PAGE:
Antarctica loses three trillion tonnes of ice in 25 years
Antarctica is shedding ice at an accelerating rate.
Satellites monitoring the state of the White Continent indicate some 200 billion tonnes a year are now being lost to the ocean as a result of melting.
This is pushing up global sea levels by 0.6mm annually - a three-fold increase since 2012 when the last such assessment was undertaken.
Scientists report the new numbers in the journal Nature.
Governments will need to take account of the information and its accelerating trend as they plan future defences to protect low-lying coastal communities.
The researchers say the losses are occurring predominantly in the West of the continent, where warm waters are getting under and melting the fronts of glaciers that terminate in the ocean.
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"We can't say when it started - we didn't collect measurements in the sea back then," explained Prof Andrew Shepherd, who leads the Ice sheet Mass Balance Inter-comparison Exercise (Imbie).
"But what we can say is that it's too warm for Antarctica today. It's about half a degree Celsius warmer than the continent can withstand and it's melting about five metres of ice from its base each year, and that's what's triggering the sea-level contribution that we're seeing," he told BBC News.
Space agencies have been flying satellites over Antarctica since the early 1990s. Europe, in particular, has an unbroken observation record going back to 1992.
These spacecraft can tell how much ice is present by measuring changes in the height of the ice sheet and the speed at which it moves towards the sea. Specific missions also have the ability to weigh the ice sheet by sensing changes in the pull of gravity as they pass overhead.
Imbie's job has been to condense all this information into a single narrative that best describes what is happening on the White Continent.
Glaciologists usually talk of three distinct regions because they behave slightly differently from each other. In West Antarctica, which is dominated by those marine-terminating glaciers, the assessed losses have climbed from 53 billion to 159 billion tonnes per year over the full period from 1992 to 2017.
On the Antarctic Peninsula, the finger of land that points up to South America, the losses have risen from seven billion to 33 billion tonnes annually. This is largely, say scientists, because the floating ice platforms sitting in front of some glaciers have collapsed, allowing the ice behind to flow faster.
East Antarctica, the greater part of the continent, is the only region to have shown some growth. Much of this region essentially sits out of the ocean and collects its snows over time and is not subject to the same melting forces seen elsewhere. But the gains are likely quite small, running at about five billion tonnes per year.
And the Imbie team stresses that the growth cannot counterbalance what is happening in the West and on the Peninsula. Indeed, it is probable that an unusually big dump of snow in the East just before the last assessment in 2012 made Antarctica as a whole look less negative than the reality.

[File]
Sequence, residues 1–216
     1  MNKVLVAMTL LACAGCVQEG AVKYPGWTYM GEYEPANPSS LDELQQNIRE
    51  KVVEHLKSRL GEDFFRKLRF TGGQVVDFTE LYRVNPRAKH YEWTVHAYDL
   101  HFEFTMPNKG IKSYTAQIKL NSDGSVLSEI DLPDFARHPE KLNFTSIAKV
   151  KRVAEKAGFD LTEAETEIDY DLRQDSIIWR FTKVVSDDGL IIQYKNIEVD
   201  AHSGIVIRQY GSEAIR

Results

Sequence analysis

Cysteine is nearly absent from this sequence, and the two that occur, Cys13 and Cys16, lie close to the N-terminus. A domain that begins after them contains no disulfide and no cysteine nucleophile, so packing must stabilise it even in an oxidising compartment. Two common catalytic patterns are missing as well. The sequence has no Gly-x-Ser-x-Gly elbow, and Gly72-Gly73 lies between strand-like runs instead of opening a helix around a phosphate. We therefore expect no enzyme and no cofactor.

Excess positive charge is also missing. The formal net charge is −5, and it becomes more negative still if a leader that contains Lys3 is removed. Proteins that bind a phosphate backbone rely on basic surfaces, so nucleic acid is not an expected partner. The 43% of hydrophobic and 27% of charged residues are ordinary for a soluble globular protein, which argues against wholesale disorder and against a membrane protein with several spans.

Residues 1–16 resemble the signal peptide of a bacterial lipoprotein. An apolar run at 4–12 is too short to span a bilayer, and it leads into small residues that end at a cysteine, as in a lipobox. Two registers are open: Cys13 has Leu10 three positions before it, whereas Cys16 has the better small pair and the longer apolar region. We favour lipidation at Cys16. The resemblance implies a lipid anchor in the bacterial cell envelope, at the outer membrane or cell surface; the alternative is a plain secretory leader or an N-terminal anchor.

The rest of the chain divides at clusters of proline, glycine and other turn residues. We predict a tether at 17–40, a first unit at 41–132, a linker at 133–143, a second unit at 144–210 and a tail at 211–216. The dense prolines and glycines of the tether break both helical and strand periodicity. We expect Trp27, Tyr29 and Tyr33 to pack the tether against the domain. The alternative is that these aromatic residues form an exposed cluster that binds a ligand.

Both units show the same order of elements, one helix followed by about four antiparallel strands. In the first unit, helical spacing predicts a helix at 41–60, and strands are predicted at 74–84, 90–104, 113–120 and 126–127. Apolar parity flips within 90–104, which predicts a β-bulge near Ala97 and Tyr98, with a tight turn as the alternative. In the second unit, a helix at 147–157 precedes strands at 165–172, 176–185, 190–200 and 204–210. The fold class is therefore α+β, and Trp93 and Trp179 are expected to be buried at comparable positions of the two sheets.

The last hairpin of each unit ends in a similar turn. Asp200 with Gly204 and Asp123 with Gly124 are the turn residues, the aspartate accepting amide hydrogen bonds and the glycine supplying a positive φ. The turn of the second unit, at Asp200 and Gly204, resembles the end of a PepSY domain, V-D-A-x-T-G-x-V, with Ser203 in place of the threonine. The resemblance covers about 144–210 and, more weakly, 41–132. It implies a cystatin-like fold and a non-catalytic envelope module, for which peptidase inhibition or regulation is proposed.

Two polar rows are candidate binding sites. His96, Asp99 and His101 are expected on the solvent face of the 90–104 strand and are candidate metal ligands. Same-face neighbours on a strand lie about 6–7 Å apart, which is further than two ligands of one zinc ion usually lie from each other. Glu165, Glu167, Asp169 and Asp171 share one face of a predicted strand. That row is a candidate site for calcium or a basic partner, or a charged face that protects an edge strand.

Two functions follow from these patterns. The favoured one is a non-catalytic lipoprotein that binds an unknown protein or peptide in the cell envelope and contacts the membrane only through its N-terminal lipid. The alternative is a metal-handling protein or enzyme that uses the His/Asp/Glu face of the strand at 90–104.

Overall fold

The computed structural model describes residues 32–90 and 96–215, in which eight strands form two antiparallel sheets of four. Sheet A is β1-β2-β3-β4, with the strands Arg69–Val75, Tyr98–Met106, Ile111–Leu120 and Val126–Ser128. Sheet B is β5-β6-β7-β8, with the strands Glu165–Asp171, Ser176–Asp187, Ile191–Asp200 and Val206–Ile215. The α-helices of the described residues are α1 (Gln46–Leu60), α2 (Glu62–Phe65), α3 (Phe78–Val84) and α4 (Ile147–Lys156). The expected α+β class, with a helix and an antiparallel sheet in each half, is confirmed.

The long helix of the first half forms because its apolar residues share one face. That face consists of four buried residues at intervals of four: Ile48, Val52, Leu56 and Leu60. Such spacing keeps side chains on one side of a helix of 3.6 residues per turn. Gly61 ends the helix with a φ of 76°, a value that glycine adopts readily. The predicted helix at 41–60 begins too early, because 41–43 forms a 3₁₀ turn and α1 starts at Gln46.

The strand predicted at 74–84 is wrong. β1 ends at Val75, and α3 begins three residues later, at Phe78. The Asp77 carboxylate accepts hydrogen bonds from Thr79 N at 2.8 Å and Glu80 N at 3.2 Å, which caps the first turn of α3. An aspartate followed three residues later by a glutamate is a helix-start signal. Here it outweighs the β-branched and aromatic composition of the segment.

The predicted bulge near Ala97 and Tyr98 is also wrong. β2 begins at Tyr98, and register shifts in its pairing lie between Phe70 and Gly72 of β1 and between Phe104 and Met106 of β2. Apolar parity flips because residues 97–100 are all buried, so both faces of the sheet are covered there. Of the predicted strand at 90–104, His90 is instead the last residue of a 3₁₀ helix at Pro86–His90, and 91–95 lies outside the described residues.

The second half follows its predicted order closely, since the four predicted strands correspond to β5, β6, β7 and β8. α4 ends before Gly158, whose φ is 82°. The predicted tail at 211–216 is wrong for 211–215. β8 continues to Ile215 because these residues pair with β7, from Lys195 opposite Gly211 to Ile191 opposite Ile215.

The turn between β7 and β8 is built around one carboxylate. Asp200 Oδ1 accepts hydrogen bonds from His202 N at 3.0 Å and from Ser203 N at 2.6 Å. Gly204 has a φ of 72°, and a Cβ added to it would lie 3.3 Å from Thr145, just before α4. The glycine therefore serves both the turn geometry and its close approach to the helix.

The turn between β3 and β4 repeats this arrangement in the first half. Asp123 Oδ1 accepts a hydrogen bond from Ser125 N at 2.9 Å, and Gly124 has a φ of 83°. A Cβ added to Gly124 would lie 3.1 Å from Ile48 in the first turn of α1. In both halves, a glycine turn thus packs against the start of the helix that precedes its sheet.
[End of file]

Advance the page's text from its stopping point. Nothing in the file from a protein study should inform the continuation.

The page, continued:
Globally, sea levels are rising by about 3mm a year. This figure is driven by several factors, including the expansion of the oceans as they warm. But what is clear from the latest Imbie assessment is that Antarctica is becoming a significant player.
"A three-fold increase now puts Antarctica in the frame as one of the largest contributors to sea-level rise," said Prof Shepherd, who is affiliated to Leeds University, UK.
"The last time we looked at the polar ice sheets, Greenland was the dominant contributor. That's no longer the case."
In total, Antarctica has shed some 2.7 trillion tonnes of ice since 1992, corresponding to an increase in global sea level of more than 7.5mm.
The latest edition of the journal Nature has a number of studies looking at the state of the continent and how it might change in a warming world.
One of these papers, led by US and German scientists, examines the possible reaction of the bedrock as the great mass of ice above it thins. It should lift up - something scientists call isostatic readjustment.
New evidence suggests where this process has occurred in the past, it can actually constrain ice losses - as the land rises, it snags on the floating fronts of marine-terminating glaciers.
"It's like applying the brakes on a bike," said Dr Pippa Whitehouse from Durham University. "Friction on the bottom of the ice, which was floating but has now grounded again, slows everything and changes the whole dynamic upstream. We do think the rebound (in the future) will be fast, but not fast enough to stop the retreat we've kicked off with today's warming.
"Ocean warming is going to make the ice too thin for this process to help."
In Imbie's last assessment, the contribution of Antarctica to global sea-levels was considered to be tracking at the lower end of the projections that computer simulations had made of the possible height of the oceans at the end of the century. The new assessment sees the contribution track the upper end of these projections.
"At the moment, we have projections going through to 2100, which is sort of on a lifetime of what we can envisage, and actually the sea-level rise we will see is 50/60cm," said Dr Whitehouse. "And that is not only going to impact people who live close to the coast, but actually when we have storms - the repeat time of major storms and flooding events is going to be exacerbated," she told BBC News.
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